Idiopathic pulmonary fibrosis is a serious, progressive disease which eventually leads to death. It is characterized by replacement of normal lung tissue with non-functional fibrous tissue. The underlying cause of scarring of the lungs remains unknown.
Idiopathic Pulmonary Fibrosis Causes and Risk Factors
It is a mystery why some people develop pulmonary fibrosis and others manage to avoid the condition. Those who end up with the disease may expect their lungs to be severely affected by excess of fibrous tissue. Such scarring is accompanied by lungs stiffening which subsequently interferes in breathing. Namely, the lungs are no longer elastic enough and cannot stretch allowing proper amount of air to reach all the alveoli.
Progression of pulmonary fibrosis can be rapid while sometimes symptoms may intensify over years allowing patients to adapt. The condition is most commonly reported in people between 50 and 70 years of age.
Idiopathic Pulmonary Fibrosis Symptoms and Signs
Pulmonary fibrosis symptoms and signs develop once the lung function becomes seriously jeopardized. Patients complain about chest pain (rarely), cough that is generally dry and decreased tolerance for activity. Shortness of breath during activity, especially if it lasts for months or years and if it starts to occur at rest, is pathognomonic for pulmonary fibrosis.
Diagnosing Idiopathic Pulmonary Fibrosis
After investigating patient's medical history and performing physical exam doctors send their patient to undergo chest X-ray, chest CT scan, bronchoscopy with transbronchial lung biopsy. Furthermore, patients may need to undergo measurement of blood oxygen level, pulmonary function tests and surgical lung biopsy. It is also essential to exclude other potential conditions such as lupus, scleroderma and rheumatoid arthritis.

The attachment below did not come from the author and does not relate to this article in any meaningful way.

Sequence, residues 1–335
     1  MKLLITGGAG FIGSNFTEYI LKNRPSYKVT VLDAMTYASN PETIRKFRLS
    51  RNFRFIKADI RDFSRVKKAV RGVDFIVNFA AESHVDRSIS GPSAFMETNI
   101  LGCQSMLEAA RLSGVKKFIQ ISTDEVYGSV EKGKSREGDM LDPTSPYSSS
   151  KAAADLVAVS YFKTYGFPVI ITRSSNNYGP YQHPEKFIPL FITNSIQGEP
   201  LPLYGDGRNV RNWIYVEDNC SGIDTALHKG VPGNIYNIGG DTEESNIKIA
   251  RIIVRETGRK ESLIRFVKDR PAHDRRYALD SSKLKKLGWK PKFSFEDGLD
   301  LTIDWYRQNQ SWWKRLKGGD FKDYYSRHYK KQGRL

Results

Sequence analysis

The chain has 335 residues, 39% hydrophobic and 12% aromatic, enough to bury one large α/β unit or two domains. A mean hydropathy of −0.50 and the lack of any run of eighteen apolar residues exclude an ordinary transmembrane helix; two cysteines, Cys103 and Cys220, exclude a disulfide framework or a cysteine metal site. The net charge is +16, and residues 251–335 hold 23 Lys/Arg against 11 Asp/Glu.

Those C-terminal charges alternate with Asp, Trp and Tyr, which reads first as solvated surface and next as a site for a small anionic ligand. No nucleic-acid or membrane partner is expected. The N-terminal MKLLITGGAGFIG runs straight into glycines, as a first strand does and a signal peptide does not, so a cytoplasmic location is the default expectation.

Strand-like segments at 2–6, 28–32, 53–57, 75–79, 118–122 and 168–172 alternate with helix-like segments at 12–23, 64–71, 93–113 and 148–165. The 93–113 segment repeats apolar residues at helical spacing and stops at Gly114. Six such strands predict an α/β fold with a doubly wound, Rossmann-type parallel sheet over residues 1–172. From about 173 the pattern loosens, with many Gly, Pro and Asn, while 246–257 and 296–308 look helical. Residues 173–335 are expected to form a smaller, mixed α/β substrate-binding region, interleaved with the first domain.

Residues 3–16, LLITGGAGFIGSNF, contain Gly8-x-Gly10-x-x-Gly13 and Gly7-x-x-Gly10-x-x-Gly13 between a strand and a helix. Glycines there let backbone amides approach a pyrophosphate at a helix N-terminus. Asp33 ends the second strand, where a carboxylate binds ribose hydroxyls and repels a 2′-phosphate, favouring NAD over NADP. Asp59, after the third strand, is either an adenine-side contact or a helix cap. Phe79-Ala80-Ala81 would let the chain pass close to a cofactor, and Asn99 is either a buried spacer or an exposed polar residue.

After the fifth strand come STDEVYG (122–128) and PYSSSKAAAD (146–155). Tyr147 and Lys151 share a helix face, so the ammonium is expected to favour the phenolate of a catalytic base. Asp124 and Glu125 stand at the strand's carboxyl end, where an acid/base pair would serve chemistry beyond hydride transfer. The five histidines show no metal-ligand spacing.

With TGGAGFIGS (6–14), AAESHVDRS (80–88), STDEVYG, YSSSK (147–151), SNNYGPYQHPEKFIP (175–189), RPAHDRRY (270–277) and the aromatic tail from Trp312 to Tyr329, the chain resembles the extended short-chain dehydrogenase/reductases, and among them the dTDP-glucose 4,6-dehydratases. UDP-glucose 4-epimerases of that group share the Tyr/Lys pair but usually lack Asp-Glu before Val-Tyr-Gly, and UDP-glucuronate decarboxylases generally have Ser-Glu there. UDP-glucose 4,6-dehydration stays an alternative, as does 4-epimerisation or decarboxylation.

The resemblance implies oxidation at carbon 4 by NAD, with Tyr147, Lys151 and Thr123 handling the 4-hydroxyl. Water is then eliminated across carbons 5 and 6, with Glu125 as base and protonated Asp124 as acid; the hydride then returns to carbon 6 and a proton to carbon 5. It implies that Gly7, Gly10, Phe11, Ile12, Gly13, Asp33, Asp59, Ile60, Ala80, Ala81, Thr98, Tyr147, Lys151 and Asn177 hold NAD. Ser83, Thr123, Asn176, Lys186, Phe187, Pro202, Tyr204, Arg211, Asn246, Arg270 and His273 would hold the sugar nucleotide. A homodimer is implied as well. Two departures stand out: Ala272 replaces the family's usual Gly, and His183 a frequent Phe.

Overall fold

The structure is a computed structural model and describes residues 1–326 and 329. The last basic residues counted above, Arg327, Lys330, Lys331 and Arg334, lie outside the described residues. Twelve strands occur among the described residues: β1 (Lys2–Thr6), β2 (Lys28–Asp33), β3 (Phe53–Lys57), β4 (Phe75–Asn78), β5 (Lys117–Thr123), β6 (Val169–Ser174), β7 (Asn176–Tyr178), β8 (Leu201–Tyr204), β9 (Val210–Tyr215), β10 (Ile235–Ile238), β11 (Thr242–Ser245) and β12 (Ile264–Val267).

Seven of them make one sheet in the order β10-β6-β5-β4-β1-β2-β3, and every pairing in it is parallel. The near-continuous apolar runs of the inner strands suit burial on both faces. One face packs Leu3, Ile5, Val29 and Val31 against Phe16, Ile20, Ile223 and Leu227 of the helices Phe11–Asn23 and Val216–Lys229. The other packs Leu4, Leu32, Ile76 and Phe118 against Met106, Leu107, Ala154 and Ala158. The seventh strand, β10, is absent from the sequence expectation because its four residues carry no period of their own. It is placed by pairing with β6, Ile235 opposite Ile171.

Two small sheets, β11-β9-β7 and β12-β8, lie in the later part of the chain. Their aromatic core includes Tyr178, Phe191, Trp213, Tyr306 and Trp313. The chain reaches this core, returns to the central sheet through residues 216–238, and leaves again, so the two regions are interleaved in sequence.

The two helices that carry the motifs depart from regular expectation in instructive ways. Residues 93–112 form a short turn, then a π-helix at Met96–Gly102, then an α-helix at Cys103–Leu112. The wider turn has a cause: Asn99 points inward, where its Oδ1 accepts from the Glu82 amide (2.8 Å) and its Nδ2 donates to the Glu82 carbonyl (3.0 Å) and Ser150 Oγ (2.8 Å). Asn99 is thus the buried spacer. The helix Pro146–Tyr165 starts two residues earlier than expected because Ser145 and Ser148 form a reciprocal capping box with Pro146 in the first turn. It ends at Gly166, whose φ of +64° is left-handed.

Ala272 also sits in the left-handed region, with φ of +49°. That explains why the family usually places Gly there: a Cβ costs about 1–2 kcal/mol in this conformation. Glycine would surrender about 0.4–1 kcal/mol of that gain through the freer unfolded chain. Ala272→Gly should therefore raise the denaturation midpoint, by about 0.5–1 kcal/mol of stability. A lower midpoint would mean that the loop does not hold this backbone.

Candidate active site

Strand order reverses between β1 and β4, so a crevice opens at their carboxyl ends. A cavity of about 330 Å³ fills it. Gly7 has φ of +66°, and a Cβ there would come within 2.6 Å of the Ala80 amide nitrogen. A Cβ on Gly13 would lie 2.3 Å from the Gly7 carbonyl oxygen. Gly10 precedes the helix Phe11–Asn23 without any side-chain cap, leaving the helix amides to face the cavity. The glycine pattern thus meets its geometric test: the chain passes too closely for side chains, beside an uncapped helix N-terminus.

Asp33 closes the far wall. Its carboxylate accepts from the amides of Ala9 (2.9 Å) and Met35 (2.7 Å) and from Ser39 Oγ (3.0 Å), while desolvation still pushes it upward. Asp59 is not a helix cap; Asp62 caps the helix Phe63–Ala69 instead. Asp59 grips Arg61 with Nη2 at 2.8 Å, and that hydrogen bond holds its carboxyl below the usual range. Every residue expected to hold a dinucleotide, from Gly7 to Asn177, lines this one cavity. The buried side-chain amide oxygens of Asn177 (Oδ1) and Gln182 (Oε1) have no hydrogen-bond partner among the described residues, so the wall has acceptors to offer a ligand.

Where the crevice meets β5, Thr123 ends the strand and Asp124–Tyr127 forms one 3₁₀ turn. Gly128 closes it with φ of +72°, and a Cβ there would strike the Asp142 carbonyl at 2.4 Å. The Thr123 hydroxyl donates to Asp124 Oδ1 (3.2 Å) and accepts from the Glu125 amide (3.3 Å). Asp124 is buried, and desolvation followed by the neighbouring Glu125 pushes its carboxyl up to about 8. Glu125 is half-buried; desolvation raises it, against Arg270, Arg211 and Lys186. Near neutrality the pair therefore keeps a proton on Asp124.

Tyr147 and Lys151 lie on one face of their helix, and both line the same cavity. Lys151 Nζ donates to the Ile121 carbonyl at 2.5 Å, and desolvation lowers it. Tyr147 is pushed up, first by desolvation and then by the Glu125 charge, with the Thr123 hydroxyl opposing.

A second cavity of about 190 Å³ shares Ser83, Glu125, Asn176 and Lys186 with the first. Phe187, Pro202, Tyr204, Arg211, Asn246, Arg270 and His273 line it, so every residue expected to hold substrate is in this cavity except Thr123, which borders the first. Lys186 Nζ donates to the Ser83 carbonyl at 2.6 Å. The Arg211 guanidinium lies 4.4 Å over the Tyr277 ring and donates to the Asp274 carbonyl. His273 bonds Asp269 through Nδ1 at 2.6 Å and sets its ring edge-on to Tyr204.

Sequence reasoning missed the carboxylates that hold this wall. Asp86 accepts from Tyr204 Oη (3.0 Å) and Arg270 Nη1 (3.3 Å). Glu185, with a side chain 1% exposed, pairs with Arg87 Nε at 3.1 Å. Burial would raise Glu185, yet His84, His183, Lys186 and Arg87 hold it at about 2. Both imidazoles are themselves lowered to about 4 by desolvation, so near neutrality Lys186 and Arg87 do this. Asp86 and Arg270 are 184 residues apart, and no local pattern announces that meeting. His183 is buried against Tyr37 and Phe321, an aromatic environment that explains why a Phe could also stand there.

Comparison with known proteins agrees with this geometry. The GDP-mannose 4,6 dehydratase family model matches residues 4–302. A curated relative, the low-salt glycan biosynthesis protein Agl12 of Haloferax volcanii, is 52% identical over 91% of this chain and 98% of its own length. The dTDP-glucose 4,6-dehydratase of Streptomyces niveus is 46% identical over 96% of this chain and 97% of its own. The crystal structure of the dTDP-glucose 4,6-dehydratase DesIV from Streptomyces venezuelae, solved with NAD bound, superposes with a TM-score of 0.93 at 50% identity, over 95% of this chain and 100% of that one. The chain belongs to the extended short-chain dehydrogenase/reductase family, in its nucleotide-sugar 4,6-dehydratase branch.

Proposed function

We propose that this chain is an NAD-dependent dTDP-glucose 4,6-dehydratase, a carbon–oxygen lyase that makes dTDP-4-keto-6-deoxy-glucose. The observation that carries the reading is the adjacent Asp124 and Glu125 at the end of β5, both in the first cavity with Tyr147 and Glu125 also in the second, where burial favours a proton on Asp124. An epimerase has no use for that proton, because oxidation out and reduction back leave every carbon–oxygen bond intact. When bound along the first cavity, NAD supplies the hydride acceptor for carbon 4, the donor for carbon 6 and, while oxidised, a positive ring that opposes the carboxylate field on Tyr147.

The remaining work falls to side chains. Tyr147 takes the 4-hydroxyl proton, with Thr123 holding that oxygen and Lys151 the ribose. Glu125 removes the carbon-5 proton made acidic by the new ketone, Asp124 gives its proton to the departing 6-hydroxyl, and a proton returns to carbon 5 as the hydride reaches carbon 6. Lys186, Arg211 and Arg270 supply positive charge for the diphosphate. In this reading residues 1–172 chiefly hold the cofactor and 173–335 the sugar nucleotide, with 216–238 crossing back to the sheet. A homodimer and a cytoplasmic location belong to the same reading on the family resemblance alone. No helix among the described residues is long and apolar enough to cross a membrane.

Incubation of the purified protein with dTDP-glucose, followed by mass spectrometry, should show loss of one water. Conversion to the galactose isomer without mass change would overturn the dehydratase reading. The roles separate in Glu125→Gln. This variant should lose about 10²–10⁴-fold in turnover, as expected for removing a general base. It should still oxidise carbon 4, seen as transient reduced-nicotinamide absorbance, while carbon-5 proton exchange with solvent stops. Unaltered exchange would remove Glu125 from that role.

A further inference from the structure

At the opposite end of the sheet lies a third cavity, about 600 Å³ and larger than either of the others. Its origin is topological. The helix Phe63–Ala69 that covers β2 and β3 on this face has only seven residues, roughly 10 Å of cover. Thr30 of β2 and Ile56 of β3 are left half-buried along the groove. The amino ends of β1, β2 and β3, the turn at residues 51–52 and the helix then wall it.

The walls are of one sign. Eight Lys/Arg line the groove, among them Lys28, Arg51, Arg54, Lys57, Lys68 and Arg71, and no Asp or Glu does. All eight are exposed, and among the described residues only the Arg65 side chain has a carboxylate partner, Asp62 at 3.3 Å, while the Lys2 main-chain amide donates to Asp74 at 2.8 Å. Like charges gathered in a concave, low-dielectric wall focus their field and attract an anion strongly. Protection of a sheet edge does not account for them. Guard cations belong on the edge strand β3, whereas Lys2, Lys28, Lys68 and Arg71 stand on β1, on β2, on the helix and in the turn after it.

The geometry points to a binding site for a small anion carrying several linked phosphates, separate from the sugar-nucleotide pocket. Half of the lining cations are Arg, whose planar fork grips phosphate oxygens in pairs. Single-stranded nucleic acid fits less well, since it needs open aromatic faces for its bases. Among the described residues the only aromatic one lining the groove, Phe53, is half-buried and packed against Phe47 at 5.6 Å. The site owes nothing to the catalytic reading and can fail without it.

Idiopathic Pulmonary Fibrosis Treatment
Unfortunately, there is no cure of idiopathic pulmonary fibrosis. The progression of the disease cannot be decelerated. The only way is to help patients deal with symptoms and signs of the disease.
Inflammation of lung tissue and subsequent scarring may be reduced with corticosteroids. Scientist currently experiment with new treatments which may eventually help people suffering from idiopathic pulmonary fibrosis.
Terminal stage of the disease requires oxygen therapy and lung rehabilitation. Finally, when the disease has progressed enough, patients may only survive if they undergo lung transplantation. End Stage Idiopathic Pulmonary Fibrosis
Even though corticosteroids may be efficient in some patients, the disease eventually enters terminal stage. In this stage patients suffer from severe shortness of breath and lack of oxygen.
There are many complications which can develop at any time but are most commonly well-developed in the end stage of the disease. They include chronic hypoxemia (low blood oxygen level), cor pulmonale and pneumothorax. Polycytemia, pulmonary hypertension and respiratory failure are several more characteristic complications of the disease.